I have been following with some interest the series of articles in the New York Times by Jim Glanz. The series premiered on Sunday with an article entitled Power, Pollution and the Internet, which was followed up today with a deeper dive in some specific examples. The examples today (Data Barns in a farm town, Gobbling Power and Flexing muscle) focused on the Microsoft program, a program of which I have more than some familiarity since I ran it for many years. After just two articles, reading the feedback in comments, and seeing some of the reaction in the blogosphere it is very clear that there is more than a significant amount of misunderstanding, over-simplification, and a lack of detail I think is probably important. In doing so I want to be very clear that I am not representing AOL, Microsoft, or any other organization other than my own personal observations and opinions.
As mentioned in both of the articles I was one of hundreds of people interviewed by the New York Times for this series. In those conversations with Jim Glanz a few things became very apparent. First â€“ He has been on this story for a very long time, at least a year. As far as journalists go, he was incredibly deeply engaged and armed with tons of facts. In fact, he had a trove of internal emails, meeting minutes, and a mountain of data through government filings that must have taken him months to collect. Secondly, he had the very hard job of turning this very complex space into a format where the uneducated masses can begin to understand it. Therein lies much of the problem â€“ This is an incredibly complex space to try and communicate it to those not tackling it day to day or even understand that technological, regulatory forces involved. This is not an area or topic that can be sifted down to a sound bite. If this were easy, there really wouldnâ€™t be a story would there?
At issue for me is that the complexity of the powers involved seems to get scant attention aiming larger for the â€œData Centers are big bad energy vampires hurting the environmentâ€ story. Its clearly evident reading through the comments on the both of the articles so far. Claiming that the sources and causes have everything to do from poor web page design to government or multi-national companies conspiracies to corner the market on energy.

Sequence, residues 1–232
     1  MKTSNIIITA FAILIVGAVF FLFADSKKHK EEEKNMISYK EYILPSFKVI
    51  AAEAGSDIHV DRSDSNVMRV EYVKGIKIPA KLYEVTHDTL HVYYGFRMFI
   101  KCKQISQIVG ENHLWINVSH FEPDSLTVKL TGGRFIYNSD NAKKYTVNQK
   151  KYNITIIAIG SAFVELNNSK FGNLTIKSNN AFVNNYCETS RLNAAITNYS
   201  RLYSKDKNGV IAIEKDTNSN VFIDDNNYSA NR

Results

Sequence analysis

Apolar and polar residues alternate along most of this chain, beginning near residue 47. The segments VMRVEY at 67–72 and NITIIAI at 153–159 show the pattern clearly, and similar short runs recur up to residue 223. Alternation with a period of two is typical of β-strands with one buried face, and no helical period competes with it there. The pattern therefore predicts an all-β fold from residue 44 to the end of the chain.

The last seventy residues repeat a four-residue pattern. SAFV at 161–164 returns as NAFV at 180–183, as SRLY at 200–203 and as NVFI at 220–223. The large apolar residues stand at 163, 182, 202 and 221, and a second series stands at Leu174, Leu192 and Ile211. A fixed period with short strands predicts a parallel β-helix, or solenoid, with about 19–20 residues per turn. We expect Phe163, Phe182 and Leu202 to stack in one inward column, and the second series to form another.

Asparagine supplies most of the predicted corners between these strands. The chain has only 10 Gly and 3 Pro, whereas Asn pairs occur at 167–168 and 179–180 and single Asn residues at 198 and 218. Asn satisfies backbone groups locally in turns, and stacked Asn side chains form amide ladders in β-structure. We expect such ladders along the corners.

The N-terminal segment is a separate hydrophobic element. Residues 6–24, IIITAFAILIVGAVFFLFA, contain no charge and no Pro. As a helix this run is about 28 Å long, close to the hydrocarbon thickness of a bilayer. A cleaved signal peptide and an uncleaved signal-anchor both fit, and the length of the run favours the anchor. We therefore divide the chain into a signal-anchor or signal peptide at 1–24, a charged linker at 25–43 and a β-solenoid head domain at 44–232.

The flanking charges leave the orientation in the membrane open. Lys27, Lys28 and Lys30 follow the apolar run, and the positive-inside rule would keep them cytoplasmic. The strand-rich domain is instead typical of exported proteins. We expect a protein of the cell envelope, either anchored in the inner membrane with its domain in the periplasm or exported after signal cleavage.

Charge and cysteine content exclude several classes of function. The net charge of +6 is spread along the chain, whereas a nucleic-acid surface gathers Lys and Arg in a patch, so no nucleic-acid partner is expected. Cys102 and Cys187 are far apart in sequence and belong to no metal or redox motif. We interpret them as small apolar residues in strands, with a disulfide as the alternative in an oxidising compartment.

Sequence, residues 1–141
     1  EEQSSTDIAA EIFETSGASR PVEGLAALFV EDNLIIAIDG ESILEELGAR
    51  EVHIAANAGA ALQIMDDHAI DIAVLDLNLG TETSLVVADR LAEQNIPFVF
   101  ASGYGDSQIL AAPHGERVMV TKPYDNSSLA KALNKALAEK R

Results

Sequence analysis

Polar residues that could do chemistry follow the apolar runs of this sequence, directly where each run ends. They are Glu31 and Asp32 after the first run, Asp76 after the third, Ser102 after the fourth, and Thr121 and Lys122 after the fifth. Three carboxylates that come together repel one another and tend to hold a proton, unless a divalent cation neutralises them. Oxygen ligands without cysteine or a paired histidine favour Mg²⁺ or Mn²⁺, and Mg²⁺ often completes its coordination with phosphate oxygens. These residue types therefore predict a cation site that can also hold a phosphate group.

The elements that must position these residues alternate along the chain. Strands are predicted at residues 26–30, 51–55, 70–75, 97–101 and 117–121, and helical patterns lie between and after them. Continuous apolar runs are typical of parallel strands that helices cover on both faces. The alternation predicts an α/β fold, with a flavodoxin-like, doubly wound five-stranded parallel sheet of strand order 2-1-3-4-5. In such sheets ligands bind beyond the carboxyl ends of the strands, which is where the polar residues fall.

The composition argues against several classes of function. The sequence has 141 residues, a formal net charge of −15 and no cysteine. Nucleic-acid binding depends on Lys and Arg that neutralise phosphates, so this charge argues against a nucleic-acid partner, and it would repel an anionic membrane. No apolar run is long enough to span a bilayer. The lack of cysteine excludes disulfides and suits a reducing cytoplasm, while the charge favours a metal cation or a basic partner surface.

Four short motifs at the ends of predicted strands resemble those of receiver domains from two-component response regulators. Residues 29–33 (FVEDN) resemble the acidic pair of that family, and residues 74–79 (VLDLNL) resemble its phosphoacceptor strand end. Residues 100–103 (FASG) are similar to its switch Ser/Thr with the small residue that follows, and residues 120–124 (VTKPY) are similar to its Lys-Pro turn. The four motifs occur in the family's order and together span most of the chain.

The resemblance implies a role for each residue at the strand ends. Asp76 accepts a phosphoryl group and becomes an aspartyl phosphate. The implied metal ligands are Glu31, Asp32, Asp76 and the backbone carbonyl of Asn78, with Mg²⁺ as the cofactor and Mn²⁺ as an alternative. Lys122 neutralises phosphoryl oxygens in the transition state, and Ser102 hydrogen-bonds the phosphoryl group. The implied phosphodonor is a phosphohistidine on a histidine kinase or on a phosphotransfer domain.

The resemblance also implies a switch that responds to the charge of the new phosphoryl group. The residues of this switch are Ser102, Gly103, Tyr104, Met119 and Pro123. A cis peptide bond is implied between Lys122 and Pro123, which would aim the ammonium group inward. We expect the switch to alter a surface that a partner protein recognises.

So I thought I would take a crack article by article to shed some light (the kind that doesnâ€™t burn energy) on some of the topics and just call out where I disagree completely. In full transparency the â€œData Barnsâ€ article doesnâ€™t necessarily paint me as a â€œnice guyâ€. Sometimes I am. Sometimes I am not. I am not an apologist, nor do I intend to do so in this post. I am paid to get stuff done. To execute. To deliver. Quite frankly the PUD missed deadlines (the progenitor event to my email quoted in the piece) and sometimes people (even utility companies) have to live in the real world of consequences. I think my industry reputation, work, and fundamental stances around driving energy efficiency and environmental conservancy in this industry can stand on its own both publicly and for those that have worked for me.
There is an inherent irony here that these articles were published in both print and electronically to maximize the audience and readership. To do that, these articles made â€œmultiple tripsâ€ through a data center, and ultimately reside in one (or more). They seem to denote that keeping things online is bad which seems to go against the availability and need of the articles themselves. Doesnâ€™t the New York times expect to make these articles available on-line for people to read? Its posted online already. Perhaps they expect that their micro-fiche experts would be able to serve the demand for these articles in the future? I do not think so.
This is a complex eco-system of users, suppliers, technology, software, platforms, content creators, data (both BIG and small), regulatory forces, utilities, governments, financials, energy consumption, people, personalities, politics, company operating tenets, community outreach to name a very few. On top of managing through all these variables they also have to keep things running with no downtime.